UPDATE — This story has been changed to reflect a story from CBS4 from 2011 corroborating that SWAT was called to the scene of a disturbance at the Edge Ice Arena.
LITTLETON — Despite just three incidents involving guns in at least the last 10 years —none of which appear to relate to permitted concealed carry—the Foothills Parks and Recreation District (FPRD) is poised to take up a concealed carry ban on all of its facilities at its regular meeting in August.
FPRD Executive Director Ronald Hopp confirmed to Complete Colorado previously that the board has asked its staff to bring forward such a ban to a future meeting.
“Given the new legislation that was approved by the governor and the legislature … they asked to have an agenda item to consider adding concealed carry to (already existing bans on open carry),” Hopp said.
Hopp is referring to Senate Bill 21-256, one of the many new gun control measures majority Democrats pushed through along party lines in the 2021 session, which allows local governments, including special taxing districts like FPRD, to enact gun control regulations, including a ban on concealed carry by lawfully permitted citizens, so long as the rules are more restrictive than those at the state level.
FPRB facilities cover a big swath of Jefferson County including three recreation centers, one 2-sheet ice arena, four indoor and four outdoor swimming pools and two indoor sports facilities, 68 park sites totaling more than 2,400 acres and including: four regional parks, 43 community and neighborhood parks, 21 greenbelts and two golf courses (totaling 54 holes). Additionally, Foothills manages six regional trail corridors totaling 14.9 miles for public use, and nearly 18 miles park trails.
No concealed carry violations
Complete Colorado has learned that charges were brought in two of the three incidents. However, in all three incidents, there were no concealed carry violations.
Hopp told Complete Colorado the incidents included one at the Edge Ice Arena that Hopp said occurred 8-10 years ago and involved a “person who showed up with a gun allegedly to attack his wife,” Hopp said. “The whole campus was locked down for several hours and the SWAT team entered all of our buildings to secure them.”
A story that appeared on CBS 4 at the time confirmed Hopp’s statements, adding that reverse 911 calls were sent to residents within a one-half mile radius of the facility.
An open records request by Complete Colorado to the Jefferson County Sheriff’s office produced a different result. According to a police report, on July 7, 2011, around 2 p.m., a man was seen outside the arena was alleged to be armed with a handgun. Two officers were dispatched to the site. Police parked their cars to block the entrance to the parking lot. They were later told the suspect was carrying a rifle. Officers left the scene three hours later, but the report does not support the allegations that officers entered the building and/or locked it down. The suspect was found and arrested two hours later. There is also no indication in the police report that at any time SWAT was ever dispatched. According to the report, the entire incident took place outside the facility. The man was charged with kidnapping.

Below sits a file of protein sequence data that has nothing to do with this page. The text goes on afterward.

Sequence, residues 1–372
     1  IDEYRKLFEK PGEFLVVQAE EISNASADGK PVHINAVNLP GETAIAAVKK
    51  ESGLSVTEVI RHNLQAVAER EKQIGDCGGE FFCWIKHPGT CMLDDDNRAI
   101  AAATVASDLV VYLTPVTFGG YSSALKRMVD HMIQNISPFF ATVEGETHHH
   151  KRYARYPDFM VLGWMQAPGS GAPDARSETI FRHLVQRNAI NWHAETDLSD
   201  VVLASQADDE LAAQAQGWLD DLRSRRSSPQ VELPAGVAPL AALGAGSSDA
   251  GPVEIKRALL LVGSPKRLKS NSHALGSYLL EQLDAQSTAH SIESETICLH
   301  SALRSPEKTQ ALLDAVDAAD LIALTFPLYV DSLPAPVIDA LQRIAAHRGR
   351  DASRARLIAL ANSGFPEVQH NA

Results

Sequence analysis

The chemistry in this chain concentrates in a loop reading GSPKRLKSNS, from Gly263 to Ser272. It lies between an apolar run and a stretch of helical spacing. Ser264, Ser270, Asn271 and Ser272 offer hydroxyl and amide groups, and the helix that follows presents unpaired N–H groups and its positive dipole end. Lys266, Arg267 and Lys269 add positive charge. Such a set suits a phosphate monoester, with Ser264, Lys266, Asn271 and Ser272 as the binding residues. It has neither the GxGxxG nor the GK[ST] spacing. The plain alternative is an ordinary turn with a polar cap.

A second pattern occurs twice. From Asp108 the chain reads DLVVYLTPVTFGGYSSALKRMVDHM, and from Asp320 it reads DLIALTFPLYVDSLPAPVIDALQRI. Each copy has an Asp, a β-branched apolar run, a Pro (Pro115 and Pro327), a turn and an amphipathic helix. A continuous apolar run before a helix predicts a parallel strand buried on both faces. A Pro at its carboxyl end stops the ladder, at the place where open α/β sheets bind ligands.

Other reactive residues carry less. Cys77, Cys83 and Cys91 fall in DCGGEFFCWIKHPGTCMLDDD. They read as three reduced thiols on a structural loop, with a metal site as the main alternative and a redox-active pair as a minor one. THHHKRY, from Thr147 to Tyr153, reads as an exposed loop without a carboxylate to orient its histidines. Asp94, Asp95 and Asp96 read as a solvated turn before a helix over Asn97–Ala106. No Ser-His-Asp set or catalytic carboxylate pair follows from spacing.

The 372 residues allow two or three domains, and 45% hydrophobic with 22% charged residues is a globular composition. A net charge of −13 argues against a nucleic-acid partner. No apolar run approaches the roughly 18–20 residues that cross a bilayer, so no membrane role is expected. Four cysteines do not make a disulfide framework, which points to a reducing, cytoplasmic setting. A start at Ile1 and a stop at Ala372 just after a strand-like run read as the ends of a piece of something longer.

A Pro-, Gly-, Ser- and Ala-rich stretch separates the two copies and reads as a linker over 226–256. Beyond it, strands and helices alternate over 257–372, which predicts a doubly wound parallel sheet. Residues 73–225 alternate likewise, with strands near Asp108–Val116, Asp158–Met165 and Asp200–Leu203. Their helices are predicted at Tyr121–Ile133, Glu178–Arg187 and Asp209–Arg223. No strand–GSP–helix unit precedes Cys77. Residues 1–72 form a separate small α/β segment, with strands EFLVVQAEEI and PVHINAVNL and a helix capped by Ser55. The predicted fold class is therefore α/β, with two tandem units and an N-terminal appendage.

A second incident occurred in February of 2021 in which Hopp said a concealed carry permit holder left a gun in the stall of the men’s public restroom at one of the facilities.
“The impetus for the conversation and deliberation about the policy was the CCW permit holder leaving his gun in a public bathroom where children and adults entered and exited throughout the day and evening,” Hopp said.
However, there is no proof the owner of the gun was a concealed carry permit holder. According to Michael Teague, Director of Public Affairs for the 1st Judicial District Attorney’s Office, there is no open case for the incident, and regardless, had anyone — concealed carry permit holder or otherwise — left a gun in the bathroom, there are no laws in Colorado that make that a criminal offense.
New laws require gun owners report lost or stolen weapons within five days, but the act of forgetting/leaving the gun would still not result in a crime.
Finally, in July of this year, Hopp said there was a shooting in Clement Park. That case, according to the Jefferson County Sheriff’s office, involved an 18-year-old and a juvenile, neither of which could hold a concealed carry permit due to their age.
Sheriff won’t enforce a ban
Jefferson County Sheriff Jeff Shrader sent a letter to the board stating his office would not enforce such a ban.
“I have substantial concern in taking action against an individual who is otherwise acting in a legal and proper manner,” Shrader said in part in the letter. “Such a resolution or rule “may only impose a civil penalty for a violation and require the person to leave the premises” (Shrader’s letter quoted from the bill). “The law is clear that for special districts, a violation is a civil offense and not a criminal offense; therefore, my office will not enforce a resolution or rule that would ban a lawfully permitted individual from carrying a concealed handgun on Foothills’ property. Rather, Foothills would be solely responsible for enforcement of a resolution or rule, if enacted.”
According to the sheriff’s office, since 2016 and through June of this year, Shrader has issued 19,000 concealed carry permits, and another 12,300 have been renewed. The average number of permits issued per year doubled during 2020 and is on pace to break that record this year.
The board is expected to discuss banning conceal carry permit holders at its Aug. 24 meeting. The meeting begins at 6 p.m. and more information on how to participate and give comment can be found on the district’s website.
TO CONTACT THE BOARD MEMBERS —
Bill Meyer, Chair
Michael Bielkiewicz, First Vice Chair
Phillip Trimble, Second Vice Chair
Tim James, Treasure
Kyle Butman, Secretary
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